Because of the top-down approach there was clearly not a situation as mentioned by Fulhan in his advisory report for the Canadian government about introducing new educational technologies (NET). In the second part of the report, he states:

“The best models of use will grow out of local implementation. The strategic ideas in this report are centrally built around the idea of “backward mapping. Good implementation must rest on what people in schools are really up against. Thus, the Ministry needs to engage local school personnel in an active collaborative search for the best ways of using NET. Cumulative, shared learning about NET is the key of the process.”8

Although the proposed curriculum was certainly more than just “Learning to use”, as you will later see, fact is that what happened in the school was often just “Learning to use”. One of the most popular schoolbooks Babbage, was (but there are still new editions) a “non-nonsense” course (as the publisher calls it) that students could use individually in combination with there computer, almost without a teacher. It learns them to use a PC and some of its tools.


Informatics as a New Subject Area in Secondary Schools

Schools for secondary education started in 1984 with a new experimental subject area called “civil information science” (burgerinformatica) a project for students form 12 – 16 years. The national institute for curriculum development SLO coordinated the project. The curriculum was a combination of computer awareness and computer literacy. Its main general purpose was “The development of knowledge and skills that makes it possible for students to react adequate in


Casimir, Gerda and Cor Nagtegaal. Nivo-basiscursus Informatiekunde. Zeist, 1987

7 See note iii



situations where the use of data-processing systems where possible ore necessary. And students should be able to make critical evaluation of the social meaning and impact of the use of such systems.”9

This general goal has been specified in five sub goals that dominated the information science curriculum for the next twenty years.

1. Learning to work with, in general (collect, select ,evaluate, process and distribute data without computers)

2. Learning to work with data processing systems, the computer as: i. a tutor, and learning machine i.e. in some role as a teacher ii. a tool (word processor, calculator etc.)

iii. constructor i.e. using the programming language Logo

iv. an object in terms of it’s hardware features: open it up and show it’s components and where they for.

3. Gaining insight in some important applications of information technology i.e. systems for seat reservation, human-machine interaction. 4. Gaining insight in some of the implications of IT for society: e.g.

privacy, lose of certain jobs etc.

5. Developing insight in the basic principles of data processing systems.

Because of these goals, four areas for learning were identified. 1. Use of applications

2. The social implications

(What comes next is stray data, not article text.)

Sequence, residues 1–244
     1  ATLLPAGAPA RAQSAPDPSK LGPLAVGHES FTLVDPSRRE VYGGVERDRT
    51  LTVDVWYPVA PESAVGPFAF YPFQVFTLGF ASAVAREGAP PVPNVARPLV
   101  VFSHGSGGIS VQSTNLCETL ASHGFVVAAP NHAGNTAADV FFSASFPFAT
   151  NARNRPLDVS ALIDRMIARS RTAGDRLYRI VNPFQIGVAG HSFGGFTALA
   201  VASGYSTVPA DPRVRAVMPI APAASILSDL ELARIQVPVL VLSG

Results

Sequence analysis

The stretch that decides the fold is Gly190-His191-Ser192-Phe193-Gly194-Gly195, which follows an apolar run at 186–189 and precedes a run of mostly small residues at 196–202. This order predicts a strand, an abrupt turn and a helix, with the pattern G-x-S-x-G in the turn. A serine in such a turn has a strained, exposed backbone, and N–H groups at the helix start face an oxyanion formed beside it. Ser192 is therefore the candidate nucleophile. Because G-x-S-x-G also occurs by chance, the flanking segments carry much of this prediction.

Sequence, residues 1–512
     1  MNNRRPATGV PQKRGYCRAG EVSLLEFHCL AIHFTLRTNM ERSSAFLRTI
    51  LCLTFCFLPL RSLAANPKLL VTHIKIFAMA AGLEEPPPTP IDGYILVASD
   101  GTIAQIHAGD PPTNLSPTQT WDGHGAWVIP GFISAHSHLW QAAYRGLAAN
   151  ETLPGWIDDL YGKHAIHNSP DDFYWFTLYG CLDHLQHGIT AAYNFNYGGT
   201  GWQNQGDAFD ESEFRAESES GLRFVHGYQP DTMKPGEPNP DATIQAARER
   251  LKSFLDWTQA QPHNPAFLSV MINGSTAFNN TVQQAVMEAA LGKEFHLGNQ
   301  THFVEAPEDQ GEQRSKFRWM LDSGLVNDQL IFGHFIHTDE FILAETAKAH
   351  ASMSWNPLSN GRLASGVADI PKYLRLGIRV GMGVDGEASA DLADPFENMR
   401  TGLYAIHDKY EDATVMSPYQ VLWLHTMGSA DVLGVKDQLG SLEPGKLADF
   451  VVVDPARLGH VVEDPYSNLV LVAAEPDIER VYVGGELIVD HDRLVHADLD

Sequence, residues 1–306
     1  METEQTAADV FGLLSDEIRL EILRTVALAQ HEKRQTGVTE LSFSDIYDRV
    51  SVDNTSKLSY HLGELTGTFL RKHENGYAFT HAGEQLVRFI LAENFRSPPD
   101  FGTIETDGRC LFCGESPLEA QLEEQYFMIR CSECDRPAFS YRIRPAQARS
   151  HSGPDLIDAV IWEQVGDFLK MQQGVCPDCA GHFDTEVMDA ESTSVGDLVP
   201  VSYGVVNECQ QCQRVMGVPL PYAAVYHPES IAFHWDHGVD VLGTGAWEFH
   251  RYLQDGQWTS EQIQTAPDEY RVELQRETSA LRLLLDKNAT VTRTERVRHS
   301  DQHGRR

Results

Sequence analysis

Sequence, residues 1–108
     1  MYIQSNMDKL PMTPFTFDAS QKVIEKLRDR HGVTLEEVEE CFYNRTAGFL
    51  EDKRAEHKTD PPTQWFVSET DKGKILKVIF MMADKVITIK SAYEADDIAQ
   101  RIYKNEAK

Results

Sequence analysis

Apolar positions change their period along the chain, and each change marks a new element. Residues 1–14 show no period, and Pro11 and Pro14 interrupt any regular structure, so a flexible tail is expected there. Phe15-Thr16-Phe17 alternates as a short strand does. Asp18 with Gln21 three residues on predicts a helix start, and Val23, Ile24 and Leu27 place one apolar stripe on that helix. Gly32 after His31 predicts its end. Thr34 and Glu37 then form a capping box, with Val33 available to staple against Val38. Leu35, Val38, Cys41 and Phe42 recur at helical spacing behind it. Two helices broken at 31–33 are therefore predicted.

3. Problem analysis and programming

4. Building principles (‘architecture”) of hard- and software

After the school reform in the Netherlands of 1993, Informatiekunde (the new name) became a school subject with a curriculum of 80 hours. However, it was practiced between 20 and 40 hours on the school timetable. The school inspectors also claim in a report10 that this is not enough to make this a serious subject within the

curriculum. The national institute for curriculum development developed the core objectives for this subject area with as long-term objective of integrating this learning to use skills in the regular subject areas (math, language, and sciences).


New Hardware and the Introducing of MS-DOS

The first hardware used in a national school project in 1983 was made in the Netherlands: the Philips P2000 computer and the Aster a company that went bankrupt soon afterwards. All were 8-bit computers.


Raamwerk [“framework”] Burgerinformatica. Stichting voor leerplanontwikkeling. Enschede 1983



It was in the year 1985, when MS-DOS personal computers where introduced in secondary education in the Netherlands. With its commando-driven interface not a tool easy to handle but a PC that could partly be manufactured in the Netherlands by IBM, Philips and Tulip Computers. No WYSIWYG, and it has also not very much in- and external memory (640Kb was the limit of directly addressable memory).That made learning to use also a more legitimate issue.

Apple introduced in 1984 the first PC with a graphical interface for the consumer and small business market. It formed the basis of a modern personal computing. “The Mac’s elegant system software was its great accomplishment. It displayed a combination of aesthetic beauty and practical engineering that is extremely rare” 11 wrote Paul Ceruzzi in it’s history of modern computing.

Before the MS-DOS introduction schools in secondary education where already experimenting with for example CP/M machines. British Acorn-BBC network were installed in Dutch computer classrooms. The importance of having an emerging educational standard should not underestimated. In the UK, it was the start of an emerging educational software industry,